A fig tree near Mullumbimby’s Dinosaur Preschool in Station Street has shaded locals for more than 50 years, according to local mum Jenny White, who has spearheaded a campaign to save it from council’s axe.
The tree has the misfortune to stand on land that Byron Shire Council plans to sell for housing, and staff have ascertained the council would receive more money for the blocks if the tree was removed.
A council spokesperson told Echonetdaily back in August, ‘Council is the owner and developer of the land and it forms part of the Financial Sustainability Plan that was adopted back in August 2014.
‘There are no immediate plans to remove the tree, but the tree removal does form part of the subdivision,’ the spokesperson said.
Removing the tree would pave the way to create ‘six urban lots’, council says and ‘when removed, the exotic tree will be replaced with compensatory planting in a nearby area.’
Since then, Jenny and a group of other supporters have circulated petitions and, yesterday, held a vigil outside council offices.
‘A change.org petition we started already has 1,500 signatures and we haven’t really publicised it yet,’ she told Echonetdaily this morning, adding the group is now circulating a pen-and-paper petition at the Mullumbimby Farmers Markets and at The Source food store.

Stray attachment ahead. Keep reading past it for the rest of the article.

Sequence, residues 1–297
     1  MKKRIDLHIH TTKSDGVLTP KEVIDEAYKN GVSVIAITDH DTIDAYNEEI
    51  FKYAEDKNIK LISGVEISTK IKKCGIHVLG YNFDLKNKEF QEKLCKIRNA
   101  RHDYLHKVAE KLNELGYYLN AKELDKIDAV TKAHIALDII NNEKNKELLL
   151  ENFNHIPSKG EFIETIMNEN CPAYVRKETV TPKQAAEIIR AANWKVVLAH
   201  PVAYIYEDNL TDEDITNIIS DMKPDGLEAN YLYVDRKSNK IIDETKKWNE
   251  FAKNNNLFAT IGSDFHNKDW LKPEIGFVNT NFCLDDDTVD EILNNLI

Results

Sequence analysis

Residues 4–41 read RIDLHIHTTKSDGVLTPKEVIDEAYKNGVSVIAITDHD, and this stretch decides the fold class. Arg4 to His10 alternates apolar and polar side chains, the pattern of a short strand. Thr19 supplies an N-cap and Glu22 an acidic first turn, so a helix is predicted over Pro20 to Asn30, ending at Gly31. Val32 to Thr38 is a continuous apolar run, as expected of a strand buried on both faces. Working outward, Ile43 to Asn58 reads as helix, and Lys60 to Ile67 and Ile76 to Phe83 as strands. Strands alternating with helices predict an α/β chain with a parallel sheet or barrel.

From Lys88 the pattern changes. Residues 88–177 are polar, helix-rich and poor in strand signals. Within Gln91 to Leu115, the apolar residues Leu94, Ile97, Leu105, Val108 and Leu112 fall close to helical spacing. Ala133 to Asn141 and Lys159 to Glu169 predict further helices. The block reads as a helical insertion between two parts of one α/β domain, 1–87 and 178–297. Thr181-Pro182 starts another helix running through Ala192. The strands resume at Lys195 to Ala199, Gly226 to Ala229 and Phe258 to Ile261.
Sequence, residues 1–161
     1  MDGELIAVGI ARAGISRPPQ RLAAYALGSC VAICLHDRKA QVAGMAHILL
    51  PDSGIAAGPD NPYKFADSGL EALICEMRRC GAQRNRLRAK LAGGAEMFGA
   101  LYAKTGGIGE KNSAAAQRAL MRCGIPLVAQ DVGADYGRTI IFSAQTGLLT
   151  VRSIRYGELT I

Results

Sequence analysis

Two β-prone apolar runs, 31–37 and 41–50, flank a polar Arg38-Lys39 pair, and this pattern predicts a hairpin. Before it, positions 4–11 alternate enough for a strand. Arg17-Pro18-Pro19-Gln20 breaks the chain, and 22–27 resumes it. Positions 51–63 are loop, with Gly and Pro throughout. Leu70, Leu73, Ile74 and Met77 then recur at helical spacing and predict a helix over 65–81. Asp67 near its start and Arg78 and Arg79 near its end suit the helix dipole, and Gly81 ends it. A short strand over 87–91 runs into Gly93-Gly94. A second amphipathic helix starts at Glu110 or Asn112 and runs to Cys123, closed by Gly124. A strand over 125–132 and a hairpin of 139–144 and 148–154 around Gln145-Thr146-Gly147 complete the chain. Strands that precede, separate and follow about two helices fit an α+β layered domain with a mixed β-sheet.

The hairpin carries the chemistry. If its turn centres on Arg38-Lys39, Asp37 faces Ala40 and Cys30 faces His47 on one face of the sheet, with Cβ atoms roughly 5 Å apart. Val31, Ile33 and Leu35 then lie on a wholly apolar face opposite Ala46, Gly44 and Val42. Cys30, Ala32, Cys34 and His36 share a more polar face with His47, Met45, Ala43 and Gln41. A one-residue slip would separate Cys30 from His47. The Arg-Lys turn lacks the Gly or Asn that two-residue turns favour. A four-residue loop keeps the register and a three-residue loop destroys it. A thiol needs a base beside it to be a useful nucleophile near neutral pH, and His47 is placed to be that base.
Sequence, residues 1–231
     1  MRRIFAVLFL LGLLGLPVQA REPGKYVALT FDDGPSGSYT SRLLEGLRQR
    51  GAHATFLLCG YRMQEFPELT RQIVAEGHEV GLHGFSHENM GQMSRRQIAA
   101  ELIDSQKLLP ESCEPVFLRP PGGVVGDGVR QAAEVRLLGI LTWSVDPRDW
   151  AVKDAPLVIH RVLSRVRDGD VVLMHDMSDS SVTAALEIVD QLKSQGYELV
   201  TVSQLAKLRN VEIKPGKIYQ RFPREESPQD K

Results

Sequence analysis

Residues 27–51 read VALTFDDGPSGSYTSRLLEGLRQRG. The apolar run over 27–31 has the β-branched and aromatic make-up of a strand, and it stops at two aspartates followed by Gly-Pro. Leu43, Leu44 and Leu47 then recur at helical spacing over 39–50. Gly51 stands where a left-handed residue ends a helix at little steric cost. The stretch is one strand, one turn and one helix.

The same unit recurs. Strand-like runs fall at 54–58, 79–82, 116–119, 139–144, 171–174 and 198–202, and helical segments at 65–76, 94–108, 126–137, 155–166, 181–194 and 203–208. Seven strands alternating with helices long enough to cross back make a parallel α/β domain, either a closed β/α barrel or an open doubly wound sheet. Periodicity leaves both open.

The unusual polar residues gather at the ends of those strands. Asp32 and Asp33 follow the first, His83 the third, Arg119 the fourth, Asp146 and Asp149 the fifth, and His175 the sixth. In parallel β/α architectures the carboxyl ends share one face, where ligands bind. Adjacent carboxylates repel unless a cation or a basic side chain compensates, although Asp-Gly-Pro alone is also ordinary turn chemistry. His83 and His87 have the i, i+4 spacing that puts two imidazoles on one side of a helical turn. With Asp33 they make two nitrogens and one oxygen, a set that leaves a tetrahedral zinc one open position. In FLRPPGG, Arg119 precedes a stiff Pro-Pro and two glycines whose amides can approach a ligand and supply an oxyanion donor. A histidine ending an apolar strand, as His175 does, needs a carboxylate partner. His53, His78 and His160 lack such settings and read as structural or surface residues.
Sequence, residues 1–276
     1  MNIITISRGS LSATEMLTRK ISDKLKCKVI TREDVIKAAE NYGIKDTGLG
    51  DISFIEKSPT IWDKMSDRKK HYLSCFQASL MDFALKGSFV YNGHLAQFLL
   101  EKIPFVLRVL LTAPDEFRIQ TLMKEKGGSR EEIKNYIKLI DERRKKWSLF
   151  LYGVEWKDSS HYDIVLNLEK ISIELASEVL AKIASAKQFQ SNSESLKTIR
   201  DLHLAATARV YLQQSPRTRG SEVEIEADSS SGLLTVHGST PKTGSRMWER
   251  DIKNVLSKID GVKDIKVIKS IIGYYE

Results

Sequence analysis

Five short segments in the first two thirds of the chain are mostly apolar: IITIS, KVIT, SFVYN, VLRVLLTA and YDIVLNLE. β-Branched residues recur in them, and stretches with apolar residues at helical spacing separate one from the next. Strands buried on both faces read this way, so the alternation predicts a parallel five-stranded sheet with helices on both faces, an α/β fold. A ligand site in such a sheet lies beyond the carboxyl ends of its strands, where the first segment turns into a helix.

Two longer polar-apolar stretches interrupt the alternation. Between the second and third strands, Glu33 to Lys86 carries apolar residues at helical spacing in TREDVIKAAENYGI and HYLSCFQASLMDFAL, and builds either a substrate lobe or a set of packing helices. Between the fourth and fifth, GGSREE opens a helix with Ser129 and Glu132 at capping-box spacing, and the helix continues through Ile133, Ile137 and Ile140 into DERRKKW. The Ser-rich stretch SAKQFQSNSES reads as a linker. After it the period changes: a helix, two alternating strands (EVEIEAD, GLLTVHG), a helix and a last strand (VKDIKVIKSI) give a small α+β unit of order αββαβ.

She added that while the tree is not a locally native species, the ficus benjamina is actually an Australian native, unlike many of the camphor laurels in the streets of Mullumbimby.
Jenny believes that the petition and protest have achieved some traction, with council yesterday agreeing to look again at the proposal.
‘If they keep the tree there, council say they will lose hundreds of thousands of dollars because obviously they can’t build in the area where that tree is,’ she said.
But Jenny believes a smarter solution would be to earmark the area for a townhouse-style development, with a larger number of smaller lots, retaining the tree as a common focal point.
‘We’re not opposed to the land’s development but the council have just taken one option and run with it.
‘What we were suggesting to a couple of [councillors] yesterday was “how about you subdivide it into smaller lots and build eco-friendly units so that lower income people in the community, single parents or the elderly can actually afford the housing there”.
‘They [council] increase their profit from the sale, because it’s worth more, and then the tree is retained in that corner.’
Jenny said her group received a good hearing from the councillors, including mayor Simon Richardson, and is she optimistic that they will consider the proposal.
‘There are not all that many vacant blocks in Mullum and the tree would only enhance the development,’ she said.